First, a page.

China National Petroleum Corp will invest in a northeastern port city hit by an oil spill last year at facilities it owned, averting paying direct compensation to local fishermen, state media said.
The state-owned oil giant has agreed to build plants in Dalian with annual refining capacity of 20 million tonnes and ethylene production of one million tonnes, the Economic and National Weekly said on its website Monday.
In return, the city government will pay compensation to the fishing industry for damage and losses caused by the July slick, the report said, citing unnamed sources involved in the negotiations between authorities and CNPC.
Dalian, a coastal city in Liaoning province, hit headlines last year after two pipelines exploded at an oil storage depot belonging to CNPC, triggering a spectacular blaze that burned for days.
The government estimated that about 1,500 tonnes of oil poured into the Yellow Sea but Greenpeace said 60,000-90,000 tonnes of crude, or up to 60 times more than official estimates, may have escaped into the area.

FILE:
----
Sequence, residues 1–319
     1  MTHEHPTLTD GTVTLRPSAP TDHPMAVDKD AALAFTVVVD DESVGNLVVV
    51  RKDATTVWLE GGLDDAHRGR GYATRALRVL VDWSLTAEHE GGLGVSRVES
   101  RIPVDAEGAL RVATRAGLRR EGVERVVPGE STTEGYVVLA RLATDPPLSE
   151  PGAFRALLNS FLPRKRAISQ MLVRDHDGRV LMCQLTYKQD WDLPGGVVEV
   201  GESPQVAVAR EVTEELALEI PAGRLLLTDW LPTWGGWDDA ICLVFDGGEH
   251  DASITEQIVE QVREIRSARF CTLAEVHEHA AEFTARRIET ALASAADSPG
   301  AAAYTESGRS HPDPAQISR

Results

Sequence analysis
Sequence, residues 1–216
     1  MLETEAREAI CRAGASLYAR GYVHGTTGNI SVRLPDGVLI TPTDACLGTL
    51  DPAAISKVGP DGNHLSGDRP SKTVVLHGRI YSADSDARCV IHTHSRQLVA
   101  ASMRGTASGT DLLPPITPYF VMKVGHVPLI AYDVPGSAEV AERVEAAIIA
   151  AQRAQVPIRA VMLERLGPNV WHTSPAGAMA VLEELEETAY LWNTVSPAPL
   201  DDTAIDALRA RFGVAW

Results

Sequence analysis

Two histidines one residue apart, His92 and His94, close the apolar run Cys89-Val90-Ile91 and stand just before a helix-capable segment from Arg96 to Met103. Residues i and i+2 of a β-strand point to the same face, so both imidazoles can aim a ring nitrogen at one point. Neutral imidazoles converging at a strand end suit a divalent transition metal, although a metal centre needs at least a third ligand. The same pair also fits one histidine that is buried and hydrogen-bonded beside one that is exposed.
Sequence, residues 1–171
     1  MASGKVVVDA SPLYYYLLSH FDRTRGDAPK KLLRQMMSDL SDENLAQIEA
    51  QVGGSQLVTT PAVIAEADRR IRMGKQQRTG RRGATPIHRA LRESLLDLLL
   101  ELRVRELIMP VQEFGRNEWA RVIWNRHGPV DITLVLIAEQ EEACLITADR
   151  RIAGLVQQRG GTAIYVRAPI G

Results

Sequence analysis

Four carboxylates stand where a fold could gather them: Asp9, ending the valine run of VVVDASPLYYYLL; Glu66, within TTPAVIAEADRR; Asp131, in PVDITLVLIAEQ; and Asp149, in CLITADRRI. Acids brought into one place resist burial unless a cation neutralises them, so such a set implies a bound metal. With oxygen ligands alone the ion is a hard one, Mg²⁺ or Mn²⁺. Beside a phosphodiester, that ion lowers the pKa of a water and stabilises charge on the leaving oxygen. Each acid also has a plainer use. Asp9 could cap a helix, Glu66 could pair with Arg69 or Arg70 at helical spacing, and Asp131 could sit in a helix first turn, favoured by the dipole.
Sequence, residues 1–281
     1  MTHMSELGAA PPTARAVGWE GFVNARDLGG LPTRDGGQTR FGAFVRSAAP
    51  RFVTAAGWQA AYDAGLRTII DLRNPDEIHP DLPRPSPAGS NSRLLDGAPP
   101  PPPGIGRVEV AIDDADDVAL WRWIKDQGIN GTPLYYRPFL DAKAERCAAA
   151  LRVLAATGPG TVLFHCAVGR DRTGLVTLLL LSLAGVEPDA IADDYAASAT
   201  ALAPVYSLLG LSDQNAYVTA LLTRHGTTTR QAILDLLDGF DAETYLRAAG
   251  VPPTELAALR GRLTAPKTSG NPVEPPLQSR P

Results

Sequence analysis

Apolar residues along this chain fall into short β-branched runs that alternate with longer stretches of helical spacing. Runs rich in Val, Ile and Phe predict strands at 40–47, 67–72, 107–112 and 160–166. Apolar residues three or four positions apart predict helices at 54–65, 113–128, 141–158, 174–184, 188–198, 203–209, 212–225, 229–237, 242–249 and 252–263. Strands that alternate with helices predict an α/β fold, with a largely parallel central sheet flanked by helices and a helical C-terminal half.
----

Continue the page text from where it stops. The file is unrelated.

The environmental group said the economic impact on the local tourism and fishing industry would be "significant", estimating the fishing industry would lose 50-100 million dollars this year alone.
The report did not disclose financial details of the investment or compensation, but said the new plants would boost CNPC's refining capacity in the city to 50.5 million tonnes from 30.5 million tonnes.
An investigation by the government found that a desulphurising chemical was mistakenly pumped into pipelines after a tanker had stopped unloading crude, triggering the explosion.
Liao Yongyuan, a deputy general manager of CNPC, blamed contractors for the accident, according to a company statement in August.
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